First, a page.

Recent Development: TJGEM LLC v. Republic of Ghana

In the recent case of TJGEM LLC v. Republic of Ghana, — F. Supp. 2d —, CV 13-382 (BAH), 2013 WL 6857988 (D.D.C. Dec. 31, 2013), District Judge Beryl Howell applied three important rules that are often implicated in cases under the FSIA’s commercial activity exception.

First, the district court emphasized that the commercial activity exception does not apply where the alleged commercial activity is unrelated to a plaintiff’s claims.  Id. at *5; see also, e.g., Transatlantic Shiffahrtskontor GmbH v. Shanghai Foreign Trade Corp., 204 F.3d 384, 390 (2d Cir. 2000) (holding that the term “‘based upon’ [under the commercial activity exception] requires a degree of closeness between the acts giving rise to the cause of action and those needed to establish jurisdiction that is considerably greater than common law causation requirements”).

Second, the court followed Phaneuf v. Republic of Indonesia, 106 F.3d 302, 308 (9th Cir.1997), in holding that apparent authority is insufficient to confer jurisdiction over a foreign state under the commercial activity exception.  TJGEM LLC, 2013 WL 6857988, at *6; see also The Second Circuit’s Apparent FSIA Authority.

Third, the district court reaffirmed that an alleged financial loss to an American individual or firm does not satisfy the “direct effect” requirement of section 1605(a)(2)’s third clause.  TJGEM LLC, 2013 WL 6857988, at *6; see also Recent Development: The D.C. Circuit’s Latest FSIA Decision.

District Judge Howell’s decision is interesting with respect to another issue that I have previously addressed on this blog.  The district court held that to “survive a motion to dismiss under Federal Rule of Civil Procedure 12(b)(1), the plaintiff must establish the court’s jurisdiction over the subject matter by a preponderance of the evidence.”  TJGEM LLC, 2013 WL 6857988, at *4.  The TJGEM case is therefore the latest opinion to indicate that traditional subject matter jurisdiction procedural rules apply with respect to a plaintiff’s burden under the FSIA. See Peterson v. Islamic Republic Of Iran, 627 F.3d 1117, 1125 (9th Cir. 2010) (“It must fall to the plaintiff to prove that immunity does not exist.”); see also Am. Telecom Co., L.L.C. v. Republic of Lebanon, 501 F.3d 534, 537 (6th Cir. 2007).

The FSIA’s Recurring Burden Problem

The FSIA has a burden problem, and it is not going away.

The trouble began with loose language in the House Report at the time of the FSIA’s passage.  The Report characterized the FSIA’s burden-shifting regimen as follows:

Evidence must be produced to establish that a foreign state or one of its subdivisions, agencies or instrumentalities is the defendant in the suit and that the plaintiff’s claim relates to a public act of the foreign state – that is, an act not within the exceptions in sections 1605-1607.  Once the foreign state has produced such prima facie evidence of immunity, the burden of going forward would shift to the plaintiff to produce evidence establishing that the foreign state is not entitled to immunity.  The ultimate burden of proving immunity would rest with the foreign state.

H.R. Rep. No. 94-1487, at 17 (1976) (emphasis added).

The House Report’s description of the foreign state’s initial burden was inconsistent with the FSIA’s statutory scheme.  Indeed, a foreign state’s claim of immunity can rest on the contention that a plaintiff’s claim arises out of a private act.  For example, if a foreign state employee has a car accident after work, the foreign state is likely to claim that the employee was engaged in private, personal conduct that is outside the scope of employment – and therefore not within the scope of the FSIA’s tort exception to immunity.  See, e.g., Randolph v. Budget Rent-A-Car, 97 F.3d 319, 326-28 (9th Cir. 1996); Moran v. Kingdom of Saudi Arabia, 27 F.3d 169, 173-74 (5th Cir. 1994); see also 28 U.S.C. § 1605(a)(5).  Similarly, a foreign state may concede that a plaintiff’s commercial claim arises out of private conduct, but contend that there is no jurisdiction under the commercial activity exception because the actions are not attributable to the sovereign or because the specific requirements of section 1605(a)(2)’s clauses are not met.  See 28 U.S.C. § 1605(a)(2).  In other words, whether or not a claim arises out of a public act is not coextensive with a foreign state’s entitlement to immunity under the FSIA, and it thus makes no sense to require a foreign state to make a prima facie showing that a plaintiff’s claim arises out of a public act.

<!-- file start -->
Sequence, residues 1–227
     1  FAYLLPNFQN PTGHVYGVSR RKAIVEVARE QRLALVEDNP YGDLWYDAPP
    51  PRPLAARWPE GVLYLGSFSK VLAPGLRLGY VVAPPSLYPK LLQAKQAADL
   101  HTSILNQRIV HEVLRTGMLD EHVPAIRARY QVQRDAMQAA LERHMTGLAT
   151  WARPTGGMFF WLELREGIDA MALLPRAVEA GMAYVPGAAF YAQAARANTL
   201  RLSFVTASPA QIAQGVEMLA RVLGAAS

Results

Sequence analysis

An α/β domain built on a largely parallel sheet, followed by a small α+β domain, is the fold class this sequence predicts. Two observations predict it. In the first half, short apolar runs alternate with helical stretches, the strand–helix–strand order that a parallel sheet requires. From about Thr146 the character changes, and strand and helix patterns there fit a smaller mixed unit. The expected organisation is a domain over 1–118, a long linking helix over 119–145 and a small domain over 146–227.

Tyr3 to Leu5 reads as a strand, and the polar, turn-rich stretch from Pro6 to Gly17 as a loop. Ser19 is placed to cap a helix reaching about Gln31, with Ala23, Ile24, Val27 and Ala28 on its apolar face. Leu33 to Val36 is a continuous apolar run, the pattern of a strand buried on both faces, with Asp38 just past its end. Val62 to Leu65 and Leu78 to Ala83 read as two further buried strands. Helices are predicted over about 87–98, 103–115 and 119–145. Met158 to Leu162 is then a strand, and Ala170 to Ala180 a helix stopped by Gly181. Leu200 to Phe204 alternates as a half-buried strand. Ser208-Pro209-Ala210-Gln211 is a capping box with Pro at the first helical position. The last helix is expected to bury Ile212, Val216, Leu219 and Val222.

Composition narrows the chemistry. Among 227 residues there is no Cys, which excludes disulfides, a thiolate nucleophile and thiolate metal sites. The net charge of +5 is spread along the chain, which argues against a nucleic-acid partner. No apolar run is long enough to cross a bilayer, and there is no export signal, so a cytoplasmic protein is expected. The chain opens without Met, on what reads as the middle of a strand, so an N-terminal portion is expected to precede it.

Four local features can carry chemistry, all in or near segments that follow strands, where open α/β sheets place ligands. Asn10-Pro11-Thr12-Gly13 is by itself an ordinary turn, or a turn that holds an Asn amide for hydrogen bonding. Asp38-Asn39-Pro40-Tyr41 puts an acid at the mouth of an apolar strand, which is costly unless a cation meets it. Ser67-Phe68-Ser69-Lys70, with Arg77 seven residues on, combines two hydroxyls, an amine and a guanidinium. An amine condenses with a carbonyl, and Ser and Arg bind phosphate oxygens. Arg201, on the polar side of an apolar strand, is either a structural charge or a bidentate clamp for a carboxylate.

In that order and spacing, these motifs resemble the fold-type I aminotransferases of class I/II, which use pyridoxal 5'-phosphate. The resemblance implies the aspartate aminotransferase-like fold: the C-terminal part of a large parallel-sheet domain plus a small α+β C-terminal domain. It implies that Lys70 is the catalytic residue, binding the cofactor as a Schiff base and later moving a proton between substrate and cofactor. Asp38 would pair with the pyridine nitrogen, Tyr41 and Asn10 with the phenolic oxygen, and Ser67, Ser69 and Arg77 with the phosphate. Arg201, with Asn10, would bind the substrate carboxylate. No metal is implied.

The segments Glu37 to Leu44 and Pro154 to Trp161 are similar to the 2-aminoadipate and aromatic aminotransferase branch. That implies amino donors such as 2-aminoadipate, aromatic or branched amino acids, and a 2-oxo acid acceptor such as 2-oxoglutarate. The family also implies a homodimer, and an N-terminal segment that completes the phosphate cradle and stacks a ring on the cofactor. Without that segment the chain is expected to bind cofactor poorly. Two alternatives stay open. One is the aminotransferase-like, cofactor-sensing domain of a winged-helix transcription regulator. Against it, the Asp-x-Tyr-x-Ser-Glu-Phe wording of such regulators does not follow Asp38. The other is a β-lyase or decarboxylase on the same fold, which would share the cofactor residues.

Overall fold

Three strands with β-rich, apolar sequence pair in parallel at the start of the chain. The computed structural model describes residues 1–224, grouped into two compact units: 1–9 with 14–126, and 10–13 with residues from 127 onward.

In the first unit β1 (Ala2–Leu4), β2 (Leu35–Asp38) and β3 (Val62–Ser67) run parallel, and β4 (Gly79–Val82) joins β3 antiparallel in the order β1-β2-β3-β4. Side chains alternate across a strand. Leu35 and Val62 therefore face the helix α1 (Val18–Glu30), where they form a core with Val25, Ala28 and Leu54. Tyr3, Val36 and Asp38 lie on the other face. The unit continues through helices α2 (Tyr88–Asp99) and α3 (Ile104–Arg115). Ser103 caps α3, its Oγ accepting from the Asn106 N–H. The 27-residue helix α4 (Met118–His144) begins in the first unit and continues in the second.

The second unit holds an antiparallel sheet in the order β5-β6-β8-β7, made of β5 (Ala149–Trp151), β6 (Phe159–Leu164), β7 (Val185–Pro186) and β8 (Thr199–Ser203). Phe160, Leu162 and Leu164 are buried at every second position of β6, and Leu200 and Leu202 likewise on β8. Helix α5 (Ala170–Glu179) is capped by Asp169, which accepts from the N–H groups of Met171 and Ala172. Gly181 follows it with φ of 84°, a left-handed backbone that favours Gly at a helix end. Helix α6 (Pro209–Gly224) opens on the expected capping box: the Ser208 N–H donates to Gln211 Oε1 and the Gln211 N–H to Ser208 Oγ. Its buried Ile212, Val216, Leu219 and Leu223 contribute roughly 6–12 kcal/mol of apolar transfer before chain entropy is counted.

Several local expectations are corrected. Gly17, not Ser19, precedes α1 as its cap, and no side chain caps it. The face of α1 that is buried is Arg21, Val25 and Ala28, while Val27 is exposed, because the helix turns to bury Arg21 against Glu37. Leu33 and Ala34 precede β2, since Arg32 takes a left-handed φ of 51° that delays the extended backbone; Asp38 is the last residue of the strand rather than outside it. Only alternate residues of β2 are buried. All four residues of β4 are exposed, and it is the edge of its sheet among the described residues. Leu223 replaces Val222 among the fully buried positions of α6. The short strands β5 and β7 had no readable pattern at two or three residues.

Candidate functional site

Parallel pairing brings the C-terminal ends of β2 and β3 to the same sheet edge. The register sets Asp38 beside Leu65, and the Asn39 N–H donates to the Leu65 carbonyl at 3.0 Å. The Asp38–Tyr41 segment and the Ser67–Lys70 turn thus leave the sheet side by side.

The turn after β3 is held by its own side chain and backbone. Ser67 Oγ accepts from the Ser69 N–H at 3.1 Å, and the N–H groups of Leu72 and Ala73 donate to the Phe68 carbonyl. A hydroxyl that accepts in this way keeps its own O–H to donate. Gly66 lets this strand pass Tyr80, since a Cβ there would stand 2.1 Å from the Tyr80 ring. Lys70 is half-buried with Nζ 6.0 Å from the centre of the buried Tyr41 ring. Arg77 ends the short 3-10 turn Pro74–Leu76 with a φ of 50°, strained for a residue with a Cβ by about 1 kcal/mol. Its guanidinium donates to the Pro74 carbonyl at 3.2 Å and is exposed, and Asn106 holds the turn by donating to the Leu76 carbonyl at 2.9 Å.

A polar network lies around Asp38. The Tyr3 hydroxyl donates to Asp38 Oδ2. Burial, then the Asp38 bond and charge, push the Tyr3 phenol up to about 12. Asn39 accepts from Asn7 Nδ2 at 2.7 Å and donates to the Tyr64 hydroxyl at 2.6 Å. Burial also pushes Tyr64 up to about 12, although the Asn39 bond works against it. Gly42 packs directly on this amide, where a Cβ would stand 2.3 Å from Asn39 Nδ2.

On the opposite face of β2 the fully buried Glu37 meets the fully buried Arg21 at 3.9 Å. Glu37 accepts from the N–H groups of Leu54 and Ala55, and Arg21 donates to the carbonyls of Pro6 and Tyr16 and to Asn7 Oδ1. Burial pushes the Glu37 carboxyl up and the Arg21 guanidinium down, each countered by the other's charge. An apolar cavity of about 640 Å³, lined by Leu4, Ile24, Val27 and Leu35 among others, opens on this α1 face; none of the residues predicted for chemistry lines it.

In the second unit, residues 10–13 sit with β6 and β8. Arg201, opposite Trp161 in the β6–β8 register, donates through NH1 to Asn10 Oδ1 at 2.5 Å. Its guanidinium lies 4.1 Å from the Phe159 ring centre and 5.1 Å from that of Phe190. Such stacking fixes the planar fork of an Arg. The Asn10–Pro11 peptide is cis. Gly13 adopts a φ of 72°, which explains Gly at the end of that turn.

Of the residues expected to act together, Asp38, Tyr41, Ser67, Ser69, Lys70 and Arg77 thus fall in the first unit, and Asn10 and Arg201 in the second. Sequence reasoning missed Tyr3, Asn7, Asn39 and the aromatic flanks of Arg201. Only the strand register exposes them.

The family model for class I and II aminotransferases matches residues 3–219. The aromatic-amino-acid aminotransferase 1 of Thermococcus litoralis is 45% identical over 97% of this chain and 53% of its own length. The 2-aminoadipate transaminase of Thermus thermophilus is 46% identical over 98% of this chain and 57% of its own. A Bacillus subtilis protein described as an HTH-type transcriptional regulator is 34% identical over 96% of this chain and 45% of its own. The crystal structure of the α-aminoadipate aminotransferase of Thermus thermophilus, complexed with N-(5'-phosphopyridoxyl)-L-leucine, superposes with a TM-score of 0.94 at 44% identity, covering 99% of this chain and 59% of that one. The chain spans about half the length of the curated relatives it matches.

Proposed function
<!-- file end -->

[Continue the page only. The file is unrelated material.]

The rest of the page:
Nevertheless, the legislative history’s “public act” language found its way into important early FSIA cases.  See, e.g., Siderman de Blake v. Republic of Argentina, 965 F.2d 699, 708 n.9 (9th Cir. 1992); Gould, Inc. v. Pechiney Ugine Kuhlmann, 853 F.2d 445, 451 n.5 (6th Cir. 1988); Alberti v. Empresa Nicaraguense De La Carne, 705 F.2d 250, 256 (7th Cir. 1983).  And although the majority of courts now do not identify the public act requirement as part of a foreign sovereign’s initial burden, the problem persists in recent jurisprudence.  See, e.g., Terenkian v. Republic of Iraq, 694 F.3d 1122, 1131 (9th Cir. 2012); Malewicz v. City of Amsterdam, 517 F. Supp. 2d 322, 327 (D.D.C. 2007); see also O’Bryan v. Holy See, 549 F.3d 431 (6th Cir. 2008), opinion amended and superseded by O’Bryan v. Holy See, 556 F.3d 361 (6th Cir. 2009).

To the extent that a plaintiff or a court relies upon a public act requirement, defense counsel in FSIA cases would be well-served to argue that a foreign state need not make that initial showing to shift the burden of production to the plaintiff.  Such an argument should include three basic points.

First, as set forth above, the public act requirement is inconsistent with the statutory scheme since a foreign sovereign can be immune for private conduct.  See, e.g., Phaneuf v. Republic of Indonesia, 106 F.3d 302, 306 (9th Cir. 1997) (holding that requiring a foreign state “to prove a public act conflicts with the plain language of the statute: a foreign state is immune from suit unless one of the enumerated exceptions applies.  There is no exception for non-public acts.”)